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By Emma Wall | 11-09-2016

President Trump: What should you do?

Donald Trump has beaten Hillary Clinton to become the 45th U.S. President. Stock markets globally have reacted by falling. What should investors do?

Emma Wall: Hello, and welcome to the Morningstar series, "Market Reaction." I'm Emma Wall and here today to talk about the U.S. election is Dan Kemp of Morningstar Investment Management.

Hi, Dan.

Dan Kemp: Good morning, Emma.

Wall: So, it looks today as if Trump will be the next President of the United States. How have markets across the globe reacted to this news?

Kemp: Well, the first thing to say, of course, it's still very early days and so we are living through these initial reactions. But I think it's fair to say that the initial reaction was not good. It was most pronounced in Asia because of course, those were the markets that were open at that time and we saw some very steep falls in asset prices there and that's started to creep through into Europe, but it's now a much more nuanced mixed reaction. We could expect to see that with the news flow over the next days, weeks and months. But of course, the important thing from an investment perspective is to look through that and focus on the long term.

Wall: So, what can investors outside of the U.S. do with this news then?

Kemp: Well, the first thing is to avoid making the classic mistakes of investors and that's either to be pulled along by the herd and as prices are falling, decide to sell, or secondly, to try and capture a bounce in markets. Both of these strategies are essentially gambling. We have no idea what markets are going to do in the short term. Certainly, people didn't expect this sort of reaction when they went to bed last night and the U.S. equity markets had actually risen yesterday. So, we can't anticipate what's going to happen over the next few days. What we can do is look at genuine value opportunities, some of which will become cheaper and will become cheaper over the next days, weeks and months. And use that opportunity to add to these long-term positions.

Wall: And it is a very important point to make that we are in early days because although Trump has declared, Hillary has not conceded to that. And even if we are going to have a Trump President, we're not going to have a Trump President until January. So, the markets have all that time plus any policies he puts in after that to react to all of this noise?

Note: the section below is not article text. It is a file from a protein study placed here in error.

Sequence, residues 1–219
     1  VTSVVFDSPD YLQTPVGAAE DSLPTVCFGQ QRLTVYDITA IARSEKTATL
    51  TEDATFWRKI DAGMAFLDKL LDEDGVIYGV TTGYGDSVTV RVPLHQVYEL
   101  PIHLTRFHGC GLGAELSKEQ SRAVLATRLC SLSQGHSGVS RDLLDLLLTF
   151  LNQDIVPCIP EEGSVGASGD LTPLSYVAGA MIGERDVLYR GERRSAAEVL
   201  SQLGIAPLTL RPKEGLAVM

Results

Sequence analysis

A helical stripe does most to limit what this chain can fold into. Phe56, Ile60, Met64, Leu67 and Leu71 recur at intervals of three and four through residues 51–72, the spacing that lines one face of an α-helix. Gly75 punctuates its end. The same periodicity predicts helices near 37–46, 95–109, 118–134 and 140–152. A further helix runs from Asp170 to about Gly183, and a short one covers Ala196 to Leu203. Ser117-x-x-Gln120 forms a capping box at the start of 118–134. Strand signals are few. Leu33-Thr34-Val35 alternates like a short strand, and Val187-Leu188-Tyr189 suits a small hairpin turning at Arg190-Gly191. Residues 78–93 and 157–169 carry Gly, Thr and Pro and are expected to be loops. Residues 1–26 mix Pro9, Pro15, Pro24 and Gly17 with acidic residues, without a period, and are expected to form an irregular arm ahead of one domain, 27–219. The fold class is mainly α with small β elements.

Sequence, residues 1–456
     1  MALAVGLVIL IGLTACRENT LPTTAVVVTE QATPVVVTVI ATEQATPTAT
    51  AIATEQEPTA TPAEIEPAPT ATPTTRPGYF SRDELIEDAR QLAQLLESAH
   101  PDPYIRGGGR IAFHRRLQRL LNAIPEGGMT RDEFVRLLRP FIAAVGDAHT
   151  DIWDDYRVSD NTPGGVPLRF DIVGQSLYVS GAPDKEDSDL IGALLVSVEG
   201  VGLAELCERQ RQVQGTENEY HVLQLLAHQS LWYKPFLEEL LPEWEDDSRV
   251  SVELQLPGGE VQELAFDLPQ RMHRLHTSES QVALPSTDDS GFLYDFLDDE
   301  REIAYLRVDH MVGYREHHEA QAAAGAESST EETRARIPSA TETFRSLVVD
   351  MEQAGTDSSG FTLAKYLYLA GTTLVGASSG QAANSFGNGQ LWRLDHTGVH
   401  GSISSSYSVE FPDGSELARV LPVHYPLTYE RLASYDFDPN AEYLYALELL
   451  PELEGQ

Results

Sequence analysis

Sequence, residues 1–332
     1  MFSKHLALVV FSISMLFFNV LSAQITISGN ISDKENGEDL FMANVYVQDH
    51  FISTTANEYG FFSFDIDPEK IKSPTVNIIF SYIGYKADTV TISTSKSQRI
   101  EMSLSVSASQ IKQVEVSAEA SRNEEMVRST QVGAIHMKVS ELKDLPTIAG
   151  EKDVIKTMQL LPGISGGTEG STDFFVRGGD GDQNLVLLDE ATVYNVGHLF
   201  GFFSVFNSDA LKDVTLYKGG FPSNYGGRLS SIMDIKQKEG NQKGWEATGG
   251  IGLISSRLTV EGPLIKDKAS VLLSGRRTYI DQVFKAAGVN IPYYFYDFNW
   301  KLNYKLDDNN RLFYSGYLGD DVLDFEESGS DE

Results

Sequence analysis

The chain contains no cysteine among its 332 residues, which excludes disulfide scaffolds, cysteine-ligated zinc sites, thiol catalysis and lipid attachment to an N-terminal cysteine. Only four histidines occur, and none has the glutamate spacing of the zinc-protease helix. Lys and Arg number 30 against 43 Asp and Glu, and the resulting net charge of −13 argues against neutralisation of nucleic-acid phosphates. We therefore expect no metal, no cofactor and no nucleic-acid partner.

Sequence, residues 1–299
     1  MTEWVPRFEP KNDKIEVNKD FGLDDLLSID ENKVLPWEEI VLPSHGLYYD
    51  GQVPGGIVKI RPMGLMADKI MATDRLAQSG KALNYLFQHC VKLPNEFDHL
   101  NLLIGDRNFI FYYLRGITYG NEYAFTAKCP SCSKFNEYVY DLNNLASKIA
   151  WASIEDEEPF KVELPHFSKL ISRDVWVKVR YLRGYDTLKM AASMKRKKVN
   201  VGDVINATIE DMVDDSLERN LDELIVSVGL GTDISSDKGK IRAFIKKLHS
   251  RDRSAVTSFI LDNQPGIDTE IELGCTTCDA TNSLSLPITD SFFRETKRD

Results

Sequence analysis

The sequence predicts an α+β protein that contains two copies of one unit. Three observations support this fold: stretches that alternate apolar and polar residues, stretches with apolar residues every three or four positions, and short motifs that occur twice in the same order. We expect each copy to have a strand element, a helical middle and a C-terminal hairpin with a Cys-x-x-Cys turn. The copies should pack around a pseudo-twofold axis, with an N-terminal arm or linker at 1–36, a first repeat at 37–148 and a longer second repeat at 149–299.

Kemp: Exactly. And so, investors are going to have plenty of opportunities to buy cheap assets. And even if you are looking at assets today and they look cheaper than they were yesterday, then just remember, they can get much cheaper. Markets can be pushed to extremes and so you might want to add to positions you like today, but leave some powder dry to keep adding in the future as news drives markets into unforeseen places.

Wall: And it also is worth remembering that if you don't have high conviction over any asset class at the moment, because let's be honest, we're in a slow-growth, low-growth world, it's okay to just do nothing, isn't it?

Kemp: Absolutely right. That should always be the default position. You should like the positions you had today as much you liked them yesterday. And so, there's no need to react. That's always the first temptation for investors that they think it's better to do something rather than nothing. Very often it's better to do nothing and just keep doing the research, keep looking at great source of news and data and work out where genuine opportunities are occurring.

Wall: Dan, thank you very much.

Kemp: You're welcome.

Wall: This is Emma Wall for Morningstar. Thank you for watching.

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